Statue of Civitali in the portico of Palazzo Pretoriale, Lucca.
Matteo Civitali (1436–1502) was an Italian sculptor and architect, painter and engineer from Lucca. He was a leading artistic personality of the Early Renaissance in Lucca, where he was born and where most of his work remains. He was trained in Florence, where Antonio Rossellino and Mino da Fiesole influenced his mature style. He is known to have sculpted statues of Adam, Eve, Abraham, Saints Zacchariah and Elizabeth, and others for the chapel of San Giovanni Battista in Genoa Cathedral. He is mentioned with the name of Matteo Civitali by Vasari in his biography of Jacopo della Quercia, and appears to have taken up the art of sculpture at the age of 40 years, after years of practicing as a "barber" (surgeon).
His free-standing chapel, the "tempietto", built in 1484 to enshrine the Holy Face of Lucca, stands in the left nave of the Cathedral of San Martino, Lucca. The Duomo contains also a virtual anthology of Matteo's sculpture, since he worked at the San Romano Altar, and also sculpted the S.Sebastian in the back of the Holy Face Shrine, and two monumental graves in the right transept.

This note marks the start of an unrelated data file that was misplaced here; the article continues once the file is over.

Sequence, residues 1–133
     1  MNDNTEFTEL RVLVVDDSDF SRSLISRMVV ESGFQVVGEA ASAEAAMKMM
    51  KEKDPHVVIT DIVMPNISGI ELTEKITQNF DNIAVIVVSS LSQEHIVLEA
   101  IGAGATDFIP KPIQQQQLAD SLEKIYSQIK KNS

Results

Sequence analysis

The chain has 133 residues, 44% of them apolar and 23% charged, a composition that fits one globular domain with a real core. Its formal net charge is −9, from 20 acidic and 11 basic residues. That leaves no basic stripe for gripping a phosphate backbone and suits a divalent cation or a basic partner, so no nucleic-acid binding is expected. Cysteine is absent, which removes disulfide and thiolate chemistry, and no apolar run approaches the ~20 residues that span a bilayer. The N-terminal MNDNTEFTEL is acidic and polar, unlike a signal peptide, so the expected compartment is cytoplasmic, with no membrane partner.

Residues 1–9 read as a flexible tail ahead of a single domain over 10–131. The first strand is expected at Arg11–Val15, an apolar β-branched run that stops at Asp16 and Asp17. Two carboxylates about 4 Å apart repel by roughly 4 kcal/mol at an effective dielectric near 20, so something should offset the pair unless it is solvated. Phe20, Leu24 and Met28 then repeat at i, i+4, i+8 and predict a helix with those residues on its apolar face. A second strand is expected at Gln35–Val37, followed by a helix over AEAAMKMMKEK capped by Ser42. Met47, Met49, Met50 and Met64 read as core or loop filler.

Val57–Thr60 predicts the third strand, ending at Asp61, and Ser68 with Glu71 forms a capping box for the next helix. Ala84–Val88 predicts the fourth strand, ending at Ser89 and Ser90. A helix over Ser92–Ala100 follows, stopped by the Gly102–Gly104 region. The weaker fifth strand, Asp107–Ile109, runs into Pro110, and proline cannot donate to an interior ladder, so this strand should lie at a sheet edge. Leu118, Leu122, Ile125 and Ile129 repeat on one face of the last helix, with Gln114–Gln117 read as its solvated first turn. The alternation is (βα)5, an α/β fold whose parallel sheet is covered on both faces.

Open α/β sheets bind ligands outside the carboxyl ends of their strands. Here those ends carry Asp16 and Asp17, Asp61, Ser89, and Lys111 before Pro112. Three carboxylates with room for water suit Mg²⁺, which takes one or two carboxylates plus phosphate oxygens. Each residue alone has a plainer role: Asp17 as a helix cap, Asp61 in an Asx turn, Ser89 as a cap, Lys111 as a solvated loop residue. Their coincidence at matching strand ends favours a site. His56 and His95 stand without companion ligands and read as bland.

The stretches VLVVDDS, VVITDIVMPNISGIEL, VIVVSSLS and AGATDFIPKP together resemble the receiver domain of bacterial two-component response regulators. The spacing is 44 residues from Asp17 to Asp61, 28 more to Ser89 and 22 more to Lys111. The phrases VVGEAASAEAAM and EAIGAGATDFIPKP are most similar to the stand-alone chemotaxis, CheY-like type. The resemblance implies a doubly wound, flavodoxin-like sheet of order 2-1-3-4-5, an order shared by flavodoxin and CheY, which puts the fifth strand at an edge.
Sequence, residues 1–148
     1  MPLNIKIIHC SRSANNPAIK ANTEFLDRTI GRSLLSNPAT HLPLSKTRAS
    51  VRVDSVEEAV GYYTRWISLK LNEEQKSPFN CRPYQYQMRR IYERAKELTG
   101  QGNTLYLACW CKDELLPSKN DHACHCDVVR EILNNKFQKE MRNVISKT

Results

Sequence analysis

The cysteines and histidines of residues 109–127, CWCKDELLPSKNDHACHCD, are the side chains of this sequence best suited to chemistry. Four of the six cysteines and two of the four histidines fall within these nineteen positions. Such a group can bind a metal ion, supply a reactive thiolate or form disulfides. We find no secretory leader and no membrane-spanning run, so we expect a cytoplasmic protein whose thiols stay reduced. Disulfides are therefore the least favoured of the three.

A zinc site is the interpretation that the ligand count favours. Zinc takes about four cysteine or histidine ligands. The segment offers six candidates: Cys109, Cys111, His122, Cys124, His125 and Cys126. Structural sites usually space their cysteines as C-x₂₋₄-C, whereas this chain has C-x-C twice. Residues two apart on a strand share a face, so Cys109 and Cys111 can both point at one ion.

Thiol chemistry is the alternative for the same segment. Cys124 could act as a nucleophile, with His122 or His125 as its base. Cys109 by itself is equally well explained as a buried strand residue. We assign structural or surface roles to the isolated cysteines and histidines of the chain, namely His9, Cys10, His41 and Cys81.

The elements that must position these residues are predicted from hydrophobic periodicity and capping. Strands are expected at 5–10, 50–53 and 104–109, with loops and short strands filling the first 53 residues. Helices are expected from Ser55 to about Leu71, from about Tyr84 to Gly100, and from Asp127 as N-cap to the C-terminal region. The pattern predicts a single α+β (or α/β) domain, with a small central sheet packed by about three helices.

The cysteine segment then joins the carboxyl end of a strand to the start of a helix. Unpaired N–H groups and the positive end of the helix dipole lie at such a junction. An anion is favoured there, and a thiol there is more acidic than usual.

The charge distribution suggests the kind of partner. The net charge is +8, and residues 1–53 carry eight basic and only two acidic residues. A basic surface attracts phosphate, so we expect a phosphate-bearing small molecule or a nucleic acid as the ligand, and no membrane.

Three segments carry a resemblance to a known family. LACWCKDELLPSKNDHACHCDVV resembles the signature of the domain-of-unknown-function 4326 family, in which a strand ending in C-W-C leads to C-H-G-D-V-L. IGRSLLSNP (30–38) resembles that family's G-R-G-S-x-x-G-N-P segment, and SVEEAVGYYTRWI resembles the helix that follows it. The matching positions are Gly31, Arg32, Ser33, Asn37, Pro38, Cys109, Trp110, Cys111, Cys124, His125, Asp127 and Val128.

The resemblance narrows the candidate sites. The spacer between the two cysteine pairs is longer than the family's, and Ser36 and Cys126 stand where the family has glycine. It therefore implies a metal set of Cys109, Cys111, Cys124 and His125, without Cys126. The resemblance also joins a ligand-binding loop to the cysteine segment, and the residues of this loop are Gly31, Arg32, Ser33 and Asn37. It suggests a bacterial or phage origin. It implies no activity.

Civitali's Tempietto, Lucca
Matteo Civitali died on 12 October 1501. The relief of Faith (now in the National Museum of Florence, Italy) was originally the first segment part of Hope and Love, a triple relief.This marble figure of Faith was acquired by the Uffizi Gallery in 1830 from the prior of a church at Paterno near Florence. This piece of work existed in the church of Saint Michele in Lucca.
^The only known painting attributed to Matteo, a triptych of the Virgin and Child with Saints Michael Archangel, John the Baptist, Biagio and Peter, executed in 1467-69, was loaned to the 2004 exhibition.
Harms, Martina, Matteo Civitali, Bildhauer der Fruhrenaissance in Lucca (Beitrage zur Kunstgeschichte des Mittelalters und der Renaissance, 1) Münster: Rhema-Verlag, 1995. ISBN 978-3-930454-00-6. Comprehensive monograph.